Microsoft 365 Defender Research Team has disclosed details of a ‘Powerdir’ vulnerability that could have allowed attackers to bypass all macOS’ Transparency, Consent, and Control (TCC) protections and gain unauthorized access to user data. Apple was informed of the vulnerability identified as CVE-2021-30970, which the company resolved in macOS Monterey 12.1 update back in December.
‘Powerdir’ vulnerability fixed by Apple in macOS 12.1
Apple had introduced TCC in macOS Mountain Lion back in 2012, which helps control app access to privacy settings such as camera, microphone, or location, as well as iCloud account, user calendar, contacts, reminders, photos, and more. All these options privacy options can be seen by going to System Preferences > Security & Privacy.
To protect access to these settings, Apple prevents unauthorized code execution and only apps which full disk access can modify them. However, an issue was found by the Microsoft 365 Defender Research Team which meant that hackers could modify the user’s home directory and create a fake TCC database with a history of app requests to fool the system.
We discovered that it is possible to programmatically change a target user’s home directory and plant a fake TCC database, which stores the consent history of app requests. If exploited on unpatched systems, this vulnerability could allow a malicious actor to potentially orchestrate an attack based on the user’s protected personal data.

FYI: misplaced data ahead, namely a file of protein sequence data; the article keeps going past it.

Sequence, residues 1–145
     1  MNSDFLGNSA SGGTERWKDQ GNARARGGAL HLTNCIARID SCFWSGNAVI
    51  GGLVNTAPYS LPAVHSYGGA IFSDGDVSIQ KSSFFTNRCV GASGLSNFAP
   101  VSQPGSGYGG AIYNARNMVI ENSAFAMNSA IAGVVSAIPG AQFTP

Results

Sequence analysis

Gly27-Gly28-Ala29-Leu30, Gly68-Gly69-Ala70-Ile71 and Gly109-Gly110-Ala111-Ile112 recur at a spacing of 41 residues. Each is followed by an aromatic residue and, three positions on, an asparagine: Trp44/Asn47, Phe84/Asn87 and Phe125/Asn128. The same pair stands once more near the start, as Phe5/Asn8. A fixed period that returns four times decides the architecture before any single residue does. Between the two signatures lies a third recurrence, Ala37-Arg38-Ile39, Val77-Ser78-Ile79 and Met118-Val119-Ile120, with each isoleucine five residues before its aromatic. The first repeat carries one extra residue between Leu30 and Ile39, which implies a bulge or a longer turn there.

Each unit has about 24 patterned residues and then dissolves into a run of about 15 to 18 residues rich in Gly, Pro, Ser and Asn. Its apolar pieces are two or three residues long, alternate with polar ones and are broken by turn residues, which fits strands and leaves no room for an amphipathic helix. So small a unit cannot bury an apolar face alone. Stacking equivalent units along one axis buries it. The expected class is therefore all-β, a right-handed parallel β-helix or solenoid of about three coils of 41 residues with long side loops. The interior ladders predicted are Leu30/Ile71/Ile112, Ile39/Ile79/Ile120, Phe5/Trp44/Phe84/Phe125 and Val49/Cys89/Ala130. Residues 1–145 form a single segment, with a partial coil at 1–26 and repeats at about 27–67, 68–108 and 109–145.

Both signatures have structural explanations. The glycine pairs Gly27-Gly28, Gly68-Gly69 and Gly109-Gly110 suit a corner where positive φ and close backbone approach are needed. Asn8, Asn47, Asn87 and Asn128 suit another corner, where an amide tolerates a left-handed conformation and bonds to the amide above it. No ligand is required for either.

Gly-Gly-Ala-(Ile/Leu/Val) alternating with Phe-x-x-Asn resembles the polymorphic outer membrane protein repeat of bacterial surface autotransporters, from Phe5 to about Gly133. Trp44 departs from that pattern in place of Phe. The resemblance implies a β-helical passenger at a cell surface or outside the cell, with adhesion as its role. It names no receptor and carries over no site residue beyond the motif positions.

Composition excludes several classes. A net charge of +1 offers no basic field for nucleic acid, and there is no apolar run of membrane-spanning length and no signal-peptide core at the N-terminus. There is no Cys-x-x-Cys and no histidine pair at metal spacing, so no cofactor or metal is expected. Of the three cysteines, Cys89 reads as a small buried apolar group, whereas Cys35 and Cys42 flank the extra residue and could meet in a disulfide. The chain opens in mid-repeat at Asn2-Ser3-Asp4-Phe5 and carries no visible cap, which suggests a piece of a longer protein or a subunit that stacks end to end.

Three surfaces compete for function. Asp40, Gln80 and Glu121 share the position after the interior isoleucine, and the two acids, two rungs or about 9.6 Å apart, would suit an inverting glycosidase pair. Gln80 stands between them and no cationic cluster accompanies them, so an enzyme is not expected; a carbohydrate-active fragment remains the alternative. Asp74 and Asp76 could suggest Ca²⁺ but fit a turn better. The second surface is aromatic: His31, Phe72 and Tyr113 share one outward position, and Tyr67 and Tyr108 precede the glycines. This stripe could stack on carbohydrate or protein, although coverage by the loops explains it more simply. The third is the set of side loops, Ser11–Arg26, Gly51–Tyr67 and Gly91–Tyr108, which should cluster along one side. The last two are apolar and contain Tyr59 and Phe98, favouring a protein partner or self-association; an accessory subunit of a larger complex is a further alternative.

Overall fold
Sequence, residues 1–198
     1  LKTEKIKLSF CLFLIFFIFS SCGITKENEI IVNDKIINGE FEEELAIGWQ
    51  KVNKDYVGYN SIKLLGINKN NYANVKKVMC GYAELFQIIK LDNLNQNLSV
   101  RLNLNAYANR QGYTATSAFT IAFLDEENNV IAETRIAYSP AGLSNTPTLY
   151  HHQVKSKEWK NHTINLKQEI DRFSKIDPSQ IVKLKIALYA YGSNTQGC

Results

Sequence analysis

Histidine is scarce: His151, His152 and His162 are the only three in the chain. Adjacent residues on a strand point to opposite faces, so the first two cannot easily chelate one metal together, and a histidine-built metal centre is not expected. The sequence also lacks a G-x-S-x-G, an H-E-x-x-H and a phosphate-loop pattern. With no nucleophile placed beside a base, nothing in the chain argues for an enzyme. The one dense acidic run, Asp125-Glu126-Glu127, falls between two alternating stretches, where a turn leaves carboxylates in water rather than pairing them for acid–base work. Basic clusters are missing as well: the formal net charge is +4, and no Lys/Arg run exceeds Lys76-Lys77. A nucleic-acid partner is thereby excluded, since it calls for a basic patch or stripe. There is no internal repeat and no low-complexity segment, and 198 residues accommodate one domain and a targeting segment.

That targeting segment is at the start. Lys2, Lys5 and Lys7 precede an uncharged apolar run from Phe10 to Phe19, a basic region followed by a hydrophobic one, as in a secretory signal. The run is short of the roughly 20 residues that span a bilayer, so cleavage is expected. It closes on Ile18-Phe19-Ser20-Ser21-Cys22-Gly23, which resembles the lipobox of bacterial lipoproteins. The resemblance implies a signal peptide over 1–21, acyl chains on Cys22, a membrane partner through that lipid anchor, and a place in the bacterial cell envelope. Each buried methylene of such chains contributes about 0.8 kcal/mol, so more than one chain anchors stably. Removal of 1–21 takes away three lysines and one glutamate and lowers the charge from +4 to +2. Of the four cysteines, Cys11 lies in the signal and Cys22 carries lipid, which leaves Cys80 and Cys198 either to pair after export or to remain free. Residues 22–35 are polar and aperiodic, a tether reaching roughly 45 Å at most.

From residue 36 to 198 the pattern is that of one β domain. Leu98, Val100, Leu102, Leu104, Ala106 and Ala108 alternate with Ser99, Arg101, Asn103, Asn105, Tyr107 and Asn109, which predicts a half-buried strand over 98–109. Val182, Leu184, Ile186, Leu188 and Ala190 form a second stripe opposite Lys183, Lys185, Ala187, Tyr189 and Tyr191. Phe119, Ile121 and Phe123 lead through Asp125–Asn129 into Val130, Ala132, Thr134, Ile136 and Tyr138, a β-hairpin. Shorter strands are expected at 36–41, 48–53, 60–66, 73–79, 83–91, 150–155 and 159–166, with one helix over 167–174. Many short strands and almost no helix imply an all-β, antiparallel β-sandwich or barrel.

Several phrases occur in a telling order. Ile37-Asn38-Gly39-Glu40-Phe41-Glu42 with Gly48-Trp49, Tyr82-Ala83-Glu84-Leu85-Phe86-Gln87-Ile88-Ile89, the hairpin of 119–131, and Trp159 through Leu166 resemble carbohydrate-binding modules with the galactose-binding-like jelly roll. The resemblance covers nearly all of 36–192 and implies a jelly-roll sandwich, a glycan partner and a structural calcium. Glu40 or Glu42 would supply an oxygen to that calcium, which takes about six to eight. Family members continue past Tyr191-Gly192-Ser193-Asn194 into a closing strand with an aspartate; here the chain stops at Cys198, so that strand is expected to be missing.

The potential harm from such a bypass could allow hackers to install malicious apps and even access the microphone or camera without the user’s consent.
For example, the attacker could hijack an app installed on the device—or install their own malicious app—and access the microphone to record private conversations or capture screenshots of sensitive information displayed on the user’s screen.
To give credit where it’s due, the initial proof of concept by the Microsoft 365 Defender Research Team did not work on the new macOS Monterey update, so the team had to modify its POC exploit to get it to work on macOS 12.0, hence confirming the adage that security is a cat and mouse game.
You can read more details on the exploit on the Microsoft 365 Defender Research Team blog. Make sure to update to macOS 12.1, if you have not yet already, to stay safe from the exploit.